2022 Impact Awards—Connection Award winner: Jordan Stanger-Ross

In a discipline where solo research is the norm, University of Victoria historian Jordan Stanger-Ross’ research has been defined by connection with other academics, community organizations and professionals outside the academy to tell the story of the dispossession of Japanese Canadians during the 1940s. His groundbreaking SSHRC-funded interdisciplinary collaboration, Landscapes of Injustice, is an unprecedented analysis of the seizure and selling of Japanese Canadians’ homes, farms, businesses and belongings, including heirlooms, which revealed a new history of Canada’s internment era—one that told a different story from the prevailing view.

“Before our project, the harms perpetrated against Japanese Canadians in the 1940s were most often understood as a temporary misstep of Canadian politicians at a time of war. We proved widespread complicity in an injustice with scant connection to any exigency of war and that carried permanent impacts,” says Stanger-Ross.

The research for this SSHRC Partnership Grant project began with an in-depth study of archival materials. Federal records uncovered widespread looting and vandalism of Japanese Canadian property and allowed researchers to identify the officials who neglected their duty as trustees and then forced the sale of what remained. Land titles showed the economic benefits to those who acquired the land of Japanese Canadians, while specifying the extent of the community’s losses. Court records demonstrated how Japanese Canadians fought against dispossession, and oral histories revealed the memories and silences of the decades since. Ultimately, Landscapes of Injustice told a new history of a major expression of systemic racism in Canada.

“Landscapes of Injustice began in conversations at the Nikkei National Museum and Cultural Centre [located in Burnaby, BC],” says Stanger-Ross. And, by asking questions together, Stanger-Ross and his multidisciplinary, community-based team were able to bring to the forefront the intergenerational trauma of many Japanese Canadians.

“The work of repair takes place within a context of irreparable harm. At the same time, Japanese Canadians, both individually and communally, pushed back and then rebuilt lives in Canada in inspiring ways. It was only in the context of that remarkable effort, and with the support of remarkable members of the community, that our project was possible.”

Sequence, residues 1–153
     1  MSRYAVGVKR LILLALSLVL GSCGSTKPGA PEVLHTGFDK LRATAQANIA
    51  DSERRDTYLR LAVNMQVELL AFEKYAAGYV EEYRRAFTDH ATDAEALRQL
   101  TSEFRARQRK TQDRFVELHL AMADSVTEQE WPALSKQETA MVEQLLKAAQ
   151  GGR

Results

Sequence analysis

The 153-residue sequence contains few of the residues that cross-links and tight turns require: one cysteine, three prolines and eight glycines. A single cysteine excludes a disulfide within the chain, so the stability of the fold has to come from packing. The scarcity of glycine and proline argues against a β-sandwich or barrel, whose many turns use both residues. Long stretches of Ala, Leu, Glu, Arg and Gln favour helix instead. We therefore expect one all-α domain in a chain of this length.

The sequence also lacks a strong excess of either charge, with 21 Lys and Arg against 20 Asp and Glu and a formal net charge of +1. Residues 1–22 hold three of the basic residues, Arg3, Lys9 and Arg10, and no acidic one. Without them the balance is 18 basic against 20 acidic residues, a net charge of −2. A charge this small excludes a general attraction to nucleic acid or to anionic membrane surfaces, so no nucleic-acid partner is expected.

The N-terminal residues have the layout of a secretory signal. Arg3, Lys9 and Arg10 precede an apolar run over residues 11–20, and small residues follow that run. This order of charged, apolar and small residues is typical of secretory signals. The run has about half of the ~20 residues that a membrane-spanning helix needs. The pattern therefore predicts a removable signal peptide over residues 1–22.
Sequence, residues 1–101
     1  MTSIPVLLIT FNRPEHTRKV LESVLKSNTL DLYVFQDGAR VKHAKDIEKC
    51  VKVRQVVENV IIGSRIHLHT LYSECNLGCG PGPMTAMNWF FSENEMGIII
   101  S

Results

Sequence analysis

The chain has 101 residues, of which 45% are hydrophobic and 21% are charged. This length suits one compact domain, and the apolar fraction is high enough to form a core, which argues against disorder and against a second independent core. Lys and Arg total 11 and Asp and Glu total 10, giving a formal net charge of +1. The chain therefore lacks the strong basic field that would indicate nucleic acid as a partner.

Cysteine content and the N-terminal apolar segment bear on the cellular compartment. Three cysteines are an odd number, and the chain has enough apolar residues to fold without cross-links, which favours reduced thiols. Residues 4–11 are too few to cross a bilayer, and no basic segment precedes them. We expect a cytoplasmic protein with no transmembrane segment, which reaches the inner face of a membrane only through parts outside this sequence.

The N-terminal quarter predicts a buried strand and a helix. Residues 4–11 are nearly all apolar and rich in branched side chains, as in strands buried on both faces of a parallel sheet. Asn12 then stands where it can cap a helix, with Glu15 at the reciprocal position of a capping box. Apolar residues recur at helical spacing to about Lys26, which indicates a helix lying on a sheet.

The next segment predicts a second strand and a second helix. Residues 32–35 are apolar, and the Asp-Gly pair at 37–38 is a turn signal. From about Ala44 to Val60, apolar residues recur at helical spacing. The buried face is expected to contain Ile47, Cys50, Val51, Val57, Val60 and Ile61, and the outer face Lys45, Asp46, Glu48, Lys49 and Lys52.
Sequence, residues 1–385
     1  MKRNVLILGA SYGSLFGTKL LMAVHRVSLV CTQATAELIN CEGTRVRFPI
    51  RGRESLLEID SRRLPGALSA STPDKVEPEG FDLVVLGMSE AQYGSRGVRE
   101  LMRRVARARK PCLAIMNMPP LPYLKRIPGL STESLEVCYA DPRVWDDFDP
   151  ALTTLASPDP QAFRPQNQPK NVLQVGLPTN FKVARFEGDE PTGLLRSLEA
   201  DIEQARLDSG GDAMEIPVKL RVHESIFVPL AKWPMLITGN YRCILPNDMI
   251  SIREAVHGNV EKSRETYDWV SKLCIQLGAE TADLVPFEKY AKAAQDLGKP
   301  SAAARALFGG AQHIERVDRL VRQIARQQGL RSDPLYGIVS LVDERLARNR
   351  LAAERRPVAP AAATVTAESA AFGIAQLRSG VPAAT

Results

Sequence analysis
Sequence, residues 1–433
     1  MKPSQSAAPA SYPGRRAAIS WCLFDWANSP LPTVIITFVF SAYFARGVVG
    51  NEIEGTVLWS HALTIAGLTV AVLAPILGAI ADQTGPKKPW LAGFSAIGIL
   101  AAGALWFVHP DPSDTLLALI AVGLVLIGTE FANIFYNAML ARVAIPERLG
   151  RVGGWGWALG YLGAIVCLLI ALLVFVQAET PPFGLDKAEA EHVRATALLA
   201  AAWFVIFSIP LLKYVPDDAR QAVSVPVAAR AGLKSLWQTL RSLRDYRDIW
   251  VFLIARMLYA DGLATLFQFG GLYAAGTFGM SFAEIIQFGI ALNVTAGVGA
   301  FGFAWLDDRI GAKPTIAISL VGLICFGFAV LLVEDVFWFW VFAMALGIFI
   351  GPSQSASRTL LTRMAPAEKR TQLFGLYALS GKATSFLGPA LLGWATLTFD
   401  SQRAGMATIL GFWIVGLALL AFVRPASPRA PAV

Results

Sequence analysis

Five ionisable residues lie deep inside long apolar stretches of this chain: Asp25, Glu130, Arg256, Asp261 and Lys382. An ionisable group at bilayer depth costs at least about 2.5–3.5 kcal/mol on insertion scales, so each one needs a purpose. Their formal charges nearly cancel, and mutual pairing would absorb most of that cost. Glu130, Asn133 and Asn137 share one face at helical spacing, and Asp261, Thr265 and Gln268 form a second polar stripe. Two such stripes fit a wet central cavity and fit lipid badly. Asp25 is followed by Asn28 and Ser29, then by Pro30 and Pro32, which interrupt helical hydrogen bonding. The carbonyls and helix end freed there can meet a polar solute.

Stanger-Ross is extremely grateful for SSHRC support, especially for the Partnership Grants.

“Particularly in the discipline of history, where we tend to work alone, it has been wonderfully encouraging for the most important funding agency in my field to encourage interdisciplinary and cross-sector collaboration.”

“Large-scale collaboration, however, is challenging and expensive. SSHRC partnership funding has made it possible for me to work with people who have taught me a great deal and increased exponentially the impact and significance of my work.”

But it is not just about his connection with other academics and community partners, Stanger-Ross adds.

“My SSHRC-funded projects have offered over 150 positions to students and recent graduates. Working with these young people has been the most fulfilling teaching of my life. Students come to our projects with a commitment to antiracism, and their time here at university helps them build skills to contribute meaningfully to social justice.”

“Winning the Connection Award offers affirmation for our entire team. Our work has not been easy. Questions abound about who has the right to tell this story. The pain of the dispossession is still felt, and its direct beneficiaries can still be identified. There are good reasons for this history of betrayal to be closely guarded,” notes Stanger-Ross.

“We are convinced, though, that partnership across difference is essential to the cause of anti-racism. Winning this recognition from SSHRC helps to confirm that many others also see the benefits of our efforts.”

About the award

The annual Impact Awards recognize the highest achievements in SSHRC-funded research, knowledge mobilization and scholarship, as well as the highest achievements resulting from a SSHRC fellowship awarded.

The Connection Award recognizes an outstanding SSHRC-funded initiative to facilitate the flow and exchange of research knowledge within and/or beyond the social sciences and humanities research community.

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